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'This Thing Called Life'

Poetry Inspired by the
Music and Spirit of Prince

Prince Rogers Nelson


Geoffrey Himes

About the Poet

Geoffrey Himes has been a music critic for The Washington Post, Paste Magazine, Rolling Stone, the New York Times, Downbeat and other publications since 1977.

His poetry has appeared on Pacifica Radio's "The Poet and the Poem" as well as in magazines such as December and the Baltimore City Paper.

He is the performing host of the monthly Roots Café Singer-Songwriter Series in Baltimore.

"Born in the USA," his book on Bruce Springsteen, was published in 2005.


Spring 2017 »

by Geoffrey Himes


He came from Minne-fuckin’-apolis,
the land of ice fishing and snow sculpture,
at the northern edge of the nation.
And that truth came to mean more
than the fictions he invented:
that he was part-white and part-female,
more than the genetic genius
he inherited from his frustrated father.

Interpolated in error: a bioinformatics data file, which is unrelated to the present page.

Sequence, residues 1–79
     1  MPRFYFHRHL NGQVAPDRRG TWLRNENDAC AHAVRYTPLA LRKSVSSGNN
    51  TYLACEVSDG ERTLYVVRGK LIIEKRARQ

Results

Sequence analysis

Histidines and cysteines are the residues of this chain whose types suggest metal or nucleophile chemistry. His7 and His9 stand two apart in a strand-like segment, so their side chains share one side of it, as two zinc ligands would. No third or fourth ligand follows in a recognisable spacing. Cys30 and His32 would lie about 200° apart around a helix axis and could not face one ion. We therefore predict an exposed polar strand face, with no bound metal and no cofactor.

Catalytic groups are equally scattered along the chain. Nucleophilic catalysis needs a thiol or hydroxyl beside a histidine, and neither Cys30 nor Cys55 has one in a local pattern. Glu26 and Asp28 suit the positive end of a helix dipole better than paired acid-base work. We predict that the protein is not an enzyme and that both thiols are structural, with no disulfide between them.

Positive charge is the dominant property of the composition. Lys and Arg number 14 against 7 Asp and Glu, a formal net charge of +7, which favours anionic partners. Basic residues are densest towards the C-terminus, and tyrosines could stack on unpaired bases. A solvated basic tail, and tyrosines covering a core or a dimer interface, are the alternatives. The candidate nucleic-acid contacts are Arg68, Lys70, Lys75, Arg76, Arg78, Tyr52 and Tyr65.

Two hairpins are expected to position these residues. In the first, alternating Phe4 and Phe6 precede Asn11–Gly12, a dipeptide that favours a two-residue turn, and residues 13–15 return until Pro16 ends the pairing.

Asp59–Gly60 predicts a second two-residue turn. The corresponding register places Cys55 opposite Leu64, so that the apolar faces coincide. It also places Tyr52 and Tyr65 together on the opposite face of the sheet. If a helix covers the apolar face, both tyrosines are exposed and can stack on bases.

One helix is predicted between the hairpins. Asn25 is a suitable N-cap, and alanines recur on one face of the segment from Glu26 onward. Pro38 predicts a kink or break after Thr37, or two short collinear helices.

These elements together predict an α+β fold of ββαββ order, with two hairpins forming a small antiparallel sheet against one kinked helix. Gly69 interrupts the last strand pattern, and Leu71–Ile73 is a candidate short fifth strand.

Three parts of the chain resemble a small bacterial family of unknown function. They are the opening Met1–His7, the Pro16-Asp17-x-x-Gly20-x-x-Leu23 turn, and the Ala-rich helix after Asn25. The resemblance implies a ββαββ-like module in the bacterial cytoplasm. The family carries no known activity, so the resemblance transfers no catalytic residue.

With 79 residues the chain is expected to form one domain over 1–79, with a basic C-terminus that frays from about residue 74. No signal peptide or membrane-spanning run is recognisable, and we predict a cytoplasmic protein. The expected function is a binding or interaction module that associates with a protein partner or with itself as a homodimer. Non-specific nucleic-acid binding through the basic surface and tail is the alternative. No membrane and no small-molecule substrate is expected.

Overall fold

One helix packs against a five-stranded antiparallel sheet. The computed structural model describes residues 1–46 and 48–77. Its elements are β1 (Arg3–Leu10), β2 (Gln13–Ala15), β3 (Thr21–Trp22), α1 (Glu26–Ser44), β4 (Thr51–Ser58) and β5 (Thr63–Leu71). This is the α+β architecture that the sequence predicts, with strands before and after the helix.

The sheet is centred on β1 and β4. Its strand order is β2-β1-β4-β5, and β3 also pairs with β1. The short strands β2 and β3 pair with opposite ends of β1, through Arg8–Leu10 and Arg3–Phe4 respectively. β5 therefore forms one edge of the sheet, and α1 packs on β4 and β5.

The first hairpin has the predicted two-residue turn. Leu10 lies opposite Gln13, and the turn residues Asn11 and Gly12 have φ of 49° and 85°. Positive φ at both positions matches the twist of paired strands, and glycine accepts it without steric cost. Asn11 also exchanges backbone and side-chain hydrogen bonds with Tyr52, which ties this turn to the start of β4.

For it soon became clear that
he was the Elvis of the eighties,
not despite his hometown,
but because of it. Who knew
they even had funk up there?

No one had ever made it
playing funk in Minnesota,
so there was no trend to chase,
no hits to copy, no template to follow,
so one could hole up in Andre’s basement
and make it up from scratch:
splinter-ice guitar solos,
celluloid synthesizers,
bubble-popping bass notes,
dog-whistle falsetto,
giggle-filled tenor,
sex without Baptist shame.

Even more bizarre than coming
from Minne-fuckin’-apolis was
remaining there once famous.
When the prince became king,
he enjoyed a long purple reign
at his palace in Chanhassen,
an ebony elf scampering across
Minnesota's ivory landscape.

And all the actors and musicians
who had left their provincial hometowns
to be poor and lonely in New York,
Los Angeles or London, hated him
for exposing their sacrifice as
unnecessary or, worse, counterproductive.
But we who had resisted the good advice
and had stayed put in Denver, Pittsburgh,
Milwaukee, Manchester or Baltimore,
loved him for it and found
basements of our own to bang out
stories unprecedented and unexpected.




Geoffrey Himes ~




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